Denim Dudes are really excited about the future possibilities of hemp denim which we explored deeply in our recent DENIM DIRECTORY report.

Hemp is having quite a moment in the market since it was removed from the US Schedule 1 controlled substances list back in 2018 and became available for broad agricultural cultivation. It’s many sustainable attributes have captured the attention of the apparel world, particularly in jeanswear because of its innate strength, its ability to sequester carbon, nourish our soils, it’s speedy growth rate and it’s ability to get rid of unwanted pests without any pesticides.

But Hemp is also probably the oldest fibre known to man, with a history that stretches back over 10,000 years. Its a BAST fibre; a group of strong, cellulosic fibres obtained from the phloem or outer bark of jute, kenaf, flax and hemp plants.

We’ve seen many mills tap this new fibre source and expect it to continue to grow in demand over the upcoming years, but a recent supply chain collaboration just dropped and totally caught our eye today; a project between many denim industry names and led by the team at Lenzing.

But Lenzing are known for their Tencel and Lyocel expertise I hear you say! This is true, but TENCEL™  branded lyocell and modal fibers make the perfect blending partner for conventional and cottonized hemp. Just as TENCEL™  Lyocell is built for blending, this project set out to explore if this basket of cellulosic fibers could enhance each other in both aesthetics and performance. Spoiler alert: it did!

“In order to pay homage to the history of hemp, we brought together a group of companies who we knew could deliver both the quality, innovation and environmental integrity that the Sustainable Denim Wardrobe projects demand.”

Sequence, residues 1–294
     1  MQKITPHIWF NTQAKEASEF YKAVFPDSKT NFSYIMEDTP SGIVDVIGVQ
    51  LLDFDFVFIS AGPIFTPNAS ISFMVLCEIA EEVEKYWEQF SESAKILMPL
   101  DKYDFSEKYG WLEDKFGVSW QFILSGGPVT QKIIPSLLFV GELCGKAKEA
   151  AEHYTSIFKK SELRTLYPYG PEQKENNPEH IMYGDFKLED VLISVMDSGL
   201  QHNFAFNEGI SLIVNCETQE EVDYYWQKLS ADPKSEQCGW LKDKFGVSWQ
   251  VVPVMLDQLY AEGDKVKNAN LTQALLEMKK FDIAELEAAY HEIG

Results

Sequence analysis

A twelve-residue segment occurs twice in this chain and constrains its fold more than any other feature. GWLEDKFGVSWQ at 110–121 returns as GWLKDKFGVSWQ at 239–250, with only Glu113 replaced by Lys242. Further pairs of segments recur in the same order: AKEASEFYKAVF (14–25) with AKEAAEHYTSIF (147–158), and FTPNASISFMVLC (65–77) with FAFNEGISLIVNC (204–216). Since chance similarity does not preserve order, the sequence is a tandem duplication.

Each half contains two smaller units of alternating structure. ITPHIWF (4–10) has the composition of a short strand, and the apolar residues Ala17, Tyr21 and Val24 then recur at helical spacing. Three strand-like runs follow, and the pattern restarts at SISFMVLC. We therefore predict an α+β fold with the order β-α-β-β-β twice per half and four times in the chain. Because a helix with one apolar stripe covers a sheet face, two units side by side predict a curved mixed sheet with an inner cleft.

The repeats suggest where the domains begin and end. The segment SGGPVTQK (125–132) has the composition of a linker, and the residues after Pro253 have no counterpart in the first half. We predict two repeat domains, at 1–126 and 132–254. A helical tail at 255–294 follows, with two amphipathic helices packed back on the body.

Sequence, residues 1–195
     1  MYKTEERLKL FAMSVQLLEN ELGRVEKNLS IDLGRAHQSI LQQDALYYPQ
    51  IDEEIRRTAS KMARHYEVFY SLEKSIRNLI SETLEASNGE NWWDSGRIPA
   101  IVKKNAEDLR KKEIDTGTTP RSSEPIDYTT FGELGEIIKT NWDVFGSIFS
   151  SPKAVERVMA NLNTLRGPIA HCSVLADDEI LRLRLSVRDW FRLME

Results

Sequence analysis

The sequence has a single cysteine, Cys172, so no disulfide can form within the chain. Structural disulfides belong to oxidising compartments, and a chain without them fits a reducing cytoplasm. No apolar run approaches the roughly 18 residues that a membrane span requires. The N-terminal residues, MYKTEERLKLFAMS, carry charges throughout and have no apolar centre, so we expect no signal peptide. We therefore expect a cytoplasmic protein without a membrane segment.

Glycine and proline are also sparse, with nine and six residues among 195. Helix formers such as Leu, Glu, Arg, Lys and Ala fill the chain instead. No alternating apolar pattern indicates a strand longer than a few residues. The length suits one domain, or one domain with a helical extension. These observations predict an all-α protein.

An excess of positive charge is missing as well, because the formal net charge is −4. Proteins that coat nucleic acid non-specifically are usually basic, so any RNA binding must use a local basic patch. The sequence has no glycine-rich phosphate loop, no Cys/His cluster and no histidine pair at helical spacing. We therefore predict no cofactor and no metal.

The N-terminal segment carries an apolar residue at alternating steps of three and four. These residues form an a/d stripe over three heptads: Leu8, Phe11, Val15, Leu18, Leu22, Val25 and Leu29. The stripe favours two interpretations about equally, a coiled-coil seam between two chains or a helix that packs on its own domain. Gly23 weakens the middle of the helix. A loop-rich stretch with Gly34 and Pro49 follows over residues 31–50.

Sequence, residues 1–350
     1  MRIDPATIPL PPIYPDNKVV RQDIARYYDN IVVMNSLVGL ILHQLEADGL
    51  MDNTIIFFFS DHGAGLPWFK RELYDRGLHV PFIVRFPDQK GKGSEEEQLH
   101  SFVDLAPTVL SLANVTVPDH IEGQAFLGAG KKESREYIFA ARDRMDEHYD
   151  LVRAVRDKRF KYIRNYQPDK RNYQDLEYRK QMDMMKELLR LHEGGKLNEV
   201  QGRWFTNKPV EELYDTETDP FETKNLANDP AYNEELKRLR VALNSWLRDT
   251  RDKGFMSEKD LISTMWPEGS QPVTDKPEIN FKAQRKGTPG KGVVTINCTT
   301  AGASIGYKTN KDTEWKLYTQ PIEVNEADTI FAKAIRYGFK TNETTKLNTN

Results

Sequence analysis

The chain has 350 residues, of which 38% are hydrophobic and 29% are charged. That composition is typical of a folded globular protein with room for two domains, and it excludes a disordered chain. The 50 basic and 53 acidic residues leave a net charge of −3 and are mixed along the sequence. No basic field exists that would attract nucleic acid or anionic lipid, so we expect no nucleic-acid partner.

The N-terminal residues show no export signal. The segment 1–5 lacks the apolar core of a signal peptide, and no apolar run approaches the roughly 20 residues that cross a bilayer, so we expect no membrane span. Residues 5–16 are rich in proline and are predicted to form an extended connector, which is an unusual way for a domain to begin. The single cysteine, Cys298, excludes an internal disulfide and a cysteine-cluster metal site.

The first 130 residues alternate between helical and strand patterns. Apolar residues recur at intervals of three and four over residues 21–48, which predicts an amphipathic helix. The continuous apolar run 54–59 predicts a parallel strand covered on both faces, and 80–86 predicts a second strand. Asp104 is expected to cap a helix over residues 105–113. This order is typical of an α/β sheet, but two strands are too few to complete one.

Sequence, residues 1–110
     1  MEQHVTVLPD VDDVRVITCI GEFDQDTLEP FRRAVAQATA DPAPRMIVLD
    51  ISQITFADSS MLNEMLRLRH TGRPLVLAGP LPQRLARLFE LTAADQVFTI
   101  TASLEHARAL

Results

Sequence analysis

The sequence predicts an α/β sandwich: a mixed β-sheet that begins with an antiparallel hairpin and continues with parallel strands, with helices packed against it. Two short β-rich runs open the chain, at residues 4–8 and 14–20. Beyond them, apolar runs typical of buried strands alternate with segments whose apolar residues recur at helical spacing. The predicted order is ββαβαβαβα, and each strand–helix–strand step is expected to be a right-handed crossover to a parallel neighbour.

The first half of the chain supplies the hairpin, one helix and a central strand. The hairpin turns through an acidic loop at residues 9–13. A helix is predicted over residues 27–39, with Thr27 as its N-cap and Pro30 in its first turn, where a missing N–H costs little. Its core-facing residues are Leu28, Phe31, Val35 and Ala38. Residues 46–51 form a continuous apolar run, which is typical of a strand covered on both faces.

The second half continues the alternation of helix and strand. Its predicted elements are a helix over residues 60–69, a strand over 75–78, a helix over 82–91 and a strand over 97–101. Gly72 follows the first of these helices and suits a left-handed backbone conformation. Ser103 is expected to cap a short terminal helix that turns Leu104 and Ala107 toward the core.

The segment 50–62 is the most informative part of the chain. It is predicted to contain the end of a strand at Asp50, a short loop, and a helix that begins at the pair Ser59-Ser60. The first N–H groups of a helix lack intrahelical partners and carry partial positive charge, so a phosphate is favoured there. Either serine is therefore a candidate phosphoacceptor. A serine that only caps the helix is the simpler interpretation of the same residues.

— Michael Kininmonth, Lenzing Project Manager

This extensive project, consisting of 9 fabrics and 18 garments has been in the works for over a year, weathering a few hold-ups due to the global pandemic, but the collection will be presented at this week’s Kingpins24 in both the live and on-demand program. The videos will be available on the Blue Lenz youtube channel after the Kingpins24 event and in perfect timing for Earth Day too.

Lenzing tapped multiple collaborators to work on the project: GOTS certified conventional and cottonized hemp fibers and yarns came from Kingdom (the largest linen and hemp yarn spinners in the world), Naveena Denim engineered, blended and created the denim from their facility in Pakistan, Endrime studio from the UK were on design and creative direction as well as pattern cutting and sewing the entire collection, Jeanologia drove the sustainable laundry effects and washing and Officina+39 provided their Recycrom dyestuffs, a patented range originating from recycled used clothing, fibrous material and textile scraps.

Every single detail of the collection was considered from an environmental perspective; all the joker labels and hang-tags were made from the off-cuts from the fabrics used in the collection. Duncan Eldridge from Warpface making what he calls ‘honest’ paper and card. Even the 100% certified TENCEL™  Lyocell thread (Celofil®) was developed especially to be used with all types of garments, and is 100% biodegradable.

The collection was shot in Shot on location in Saltdean, Brighton on 28th March 2021. Modeled by denim dudette, Kelly Harrington, Saskia @ Present Model Management and Alex at D1 models.

The video was Directed by Oscar Oldershaw with photography by Nick Clements.

“I personally wanted to explore the mid-1800s, by making period-correct garments and fabrics from the time of early denim and workwear. Historically early workwear garments would have been made with hemp and linen. It was a complete pleasure to design, pattern cut and sew the entire collection"

- Mohsin Sajid, owner and creative director, Endrime

Tencel is one today’s newest fibres at only about 30 years old and its so interesting seeing how effectively it has complimented the ancient and natural Hemp. We hope that as consumer trust and knowledge grows, and technology creates more opportunity to finesse, sustainable fibers like hemp will become more popular and widely used in the denim market.

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Trend forecaster, denim designer, industry journalist and author of Denim Dudes.